Refer to step 4 above. Create a plan for everyone in the household. Make multiple envelopes for each person and allocate the money to each person in each category in whatever way fits your lifestyle. This way, everyone is involved and on the same page working towards the same goal.
What happens if there is cash leftover at the end of the month?
If you have leftover cash at the end of the month then you have two options.
- You can keep the cash in the envelope and replenish the funds as usual. This way you have some extra spending money in this category.
- You can put the money in the bank to go towards saving or paying down debt.
If you only have a few dollars left then it is probably easier to just leave the cash in the envelope and have some extra spending money. If there are substantial funds leftover, congratulations! Good job, it is completely up to you how you would like to use those extra dollars.
Do I need to track my purchases when I pay in cash?
It is up to you if you would like to track every purchase on the back of the envelope. If you want to know exactly where your money goes, then writing things down is something you are going want to do. Writing everything down can be cumbersome so you may choose to write only certain expenses like an oil change for the car because oil changes typically don’t occur every month.
Is it save to keep lots of cash lying around?
You are not going to want to bring every envelope with you every time you go out of the house. It would be absolutely horrible if you lost any of the envelopes. When using the cash envelope method, make sure you only bring the envelopes that you are going to need. When you carry substantial cash outside of the house, be very careful and mindful of where you are placing the envelopes. You don’t want to misplace you hard earned money.
If I run out of cash in one envelope, can I borrow money from another envelope?
If you run out of cash in one envelope and want to borrow some cash from a different envelope to replenish the empty one, then you can certain do this. However, the cash envelope method of budgeting is about discipline. So, if you can avoid reallocating funds then you should. But, sometimes things happen and for one reason or another our expenses can be higher than anticipated in one area.
The problem with reallocating funds is that you do not want this to become a habit because then you will continue to over spend. You want to train yourself to learn how to live within your budget.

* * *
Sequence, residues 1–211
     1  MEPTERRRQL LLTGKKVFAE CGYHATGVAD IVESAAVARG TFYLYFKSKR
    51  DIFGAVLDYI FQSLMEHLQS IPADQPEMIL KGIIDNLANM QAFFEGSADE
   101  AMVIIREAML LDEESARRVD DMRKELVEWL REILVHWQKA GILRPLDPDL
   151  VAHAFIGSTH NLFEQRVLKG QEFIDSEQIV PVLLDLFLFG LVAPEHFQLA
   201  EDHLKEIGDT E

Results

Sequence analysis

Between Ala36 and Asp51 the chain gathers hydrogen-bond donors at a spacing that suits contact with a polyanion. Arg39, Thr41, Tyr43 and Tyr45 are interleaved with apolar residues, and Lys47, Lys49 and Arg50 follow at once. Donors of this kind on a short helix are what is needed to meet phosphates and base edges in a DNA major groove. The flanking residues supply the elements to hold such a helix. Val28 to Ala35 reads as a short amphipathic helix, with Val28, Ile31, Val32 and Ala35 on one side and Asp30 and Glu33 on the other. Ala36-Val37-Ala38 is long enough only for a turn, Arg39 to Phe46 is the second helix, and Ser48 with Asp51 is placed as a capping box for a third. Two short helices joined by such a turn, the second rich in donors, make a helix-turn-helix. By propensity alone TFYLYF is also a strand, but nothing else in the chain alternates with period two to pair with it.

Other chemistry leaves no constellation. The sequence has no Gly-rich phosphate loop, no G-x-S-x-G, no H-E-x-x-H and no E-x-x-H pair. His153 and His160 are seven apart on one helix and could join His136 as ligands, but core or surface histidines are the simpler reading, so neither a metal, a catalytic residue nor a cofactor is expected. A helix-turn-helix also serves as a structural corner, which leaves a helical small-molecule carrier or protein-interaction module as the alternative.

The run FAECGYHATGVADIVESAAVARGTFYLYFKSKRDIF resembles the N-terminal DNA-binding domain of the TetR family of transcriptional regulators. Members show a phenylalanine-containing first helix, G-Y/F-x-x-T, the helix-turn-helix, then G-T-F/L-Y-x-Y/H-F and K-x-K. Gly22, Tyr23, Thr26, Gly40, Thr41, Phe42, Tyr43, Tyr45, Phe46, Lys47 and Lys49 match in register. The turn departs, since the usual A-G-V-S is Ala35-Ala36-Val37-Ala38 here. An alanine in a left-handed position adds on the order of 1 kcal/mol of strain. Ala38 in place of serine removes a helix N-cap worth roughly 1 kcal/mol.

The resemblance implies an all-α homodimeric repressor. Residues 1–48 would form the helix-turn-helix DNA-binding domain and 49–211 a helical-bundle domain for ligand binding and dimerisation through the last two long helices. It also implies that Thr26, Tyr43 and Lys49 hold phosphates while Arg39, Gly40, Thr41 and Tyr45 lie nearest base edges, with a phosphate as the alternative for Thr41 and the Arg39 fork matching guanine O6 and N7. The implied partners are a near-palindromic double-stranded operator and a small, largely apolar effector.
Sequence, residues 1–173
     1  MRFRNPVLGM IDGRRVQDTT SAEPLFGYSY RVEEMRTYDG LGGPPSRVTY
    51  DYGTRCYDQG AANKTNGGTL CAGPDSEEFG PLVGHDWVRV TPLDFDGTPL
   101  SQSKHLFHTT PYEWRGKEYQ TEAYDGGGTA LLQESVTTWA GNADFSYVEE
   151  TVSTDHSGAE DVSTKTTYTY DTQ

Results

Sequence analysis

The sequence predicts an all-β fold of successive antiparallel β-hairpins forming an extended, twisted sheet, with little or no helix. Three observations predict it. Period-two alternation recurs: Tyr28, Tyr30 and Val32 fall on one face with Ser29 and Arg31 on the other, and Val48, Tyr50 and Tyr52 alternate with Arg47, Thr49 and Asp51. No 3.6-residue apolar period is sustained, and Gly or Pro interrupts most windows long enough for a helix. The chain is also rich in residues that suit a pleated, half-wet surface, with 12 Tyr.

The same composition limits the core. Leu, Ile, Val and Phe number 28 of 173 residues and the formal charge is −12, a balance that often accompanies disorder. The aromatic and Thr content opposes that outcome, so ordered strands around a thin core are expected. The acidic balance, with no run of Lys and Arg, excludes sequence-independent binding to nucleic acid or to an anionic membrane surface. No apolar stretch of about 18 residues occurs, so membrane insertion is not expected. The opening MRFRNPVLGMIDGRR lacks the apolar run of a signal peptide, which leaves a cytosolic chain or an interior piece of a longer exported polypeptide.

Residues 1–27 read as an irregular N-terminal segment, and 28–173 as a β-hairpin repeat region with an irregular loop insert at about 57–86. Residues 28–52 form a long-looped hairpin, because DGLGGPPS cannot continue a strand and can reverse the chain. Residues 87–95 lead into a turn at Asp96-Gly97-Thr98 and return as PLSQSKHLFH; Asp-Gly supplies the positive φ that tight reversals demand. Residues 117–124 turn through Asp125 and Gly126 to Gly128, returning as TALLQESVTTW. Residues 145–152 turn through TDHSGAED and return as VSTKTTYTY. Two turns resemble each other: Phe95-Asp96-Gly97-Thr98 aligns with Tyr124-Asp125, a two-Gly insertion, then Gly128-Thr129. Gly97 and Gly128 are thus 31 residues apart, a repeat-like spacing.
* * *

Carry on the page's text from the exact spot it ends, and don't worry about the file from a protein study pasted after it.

How to Succeed
Succeeding on any budget is largely up to the individual. However, having a strong support system and knowing why you are doing this helps tremendously. Everyone in the house needs to be on board and supporting one another.
You need to be committed and disciplined. Living on a budget is not easy. However, just remember that these habit changes benefit your life and, if you have children, it will benefit their lives as well by teaching them how to treat money responsibly.
Pros of the Cash Envelope Method
- Great for beginners.
- Provides a physical mechanism to stop over spending.
- Visual representation showing you where your money is going.
- Holds you accountable and organized.
Cons of the Cash Envelope Method
- Withdrawing substantial funds from your bank account on a regular basis is risky. You do not want to lose this money because once it is gone, it is gone.
- We are become a society that increasingly operates online making the cash envelope method overly difficult and often impractical.
- Requires you to take regular trips to the bank which can be inconvenient and annoying – two things that make it very difficult to stick with this method for any length of time.
- The Cash Envelope Method is ideal for budgeting beginners
- Living on a budget requires discipline and it is hard. Do not get discouraged! Stick with it! Surround yourself with people that are supportive.
- If you think you may need some help budgeting and holding yourself accountable, consider getting a money coach that can help you with one-on-one guidance.
- If you have any questions let me know! I am happy to answer.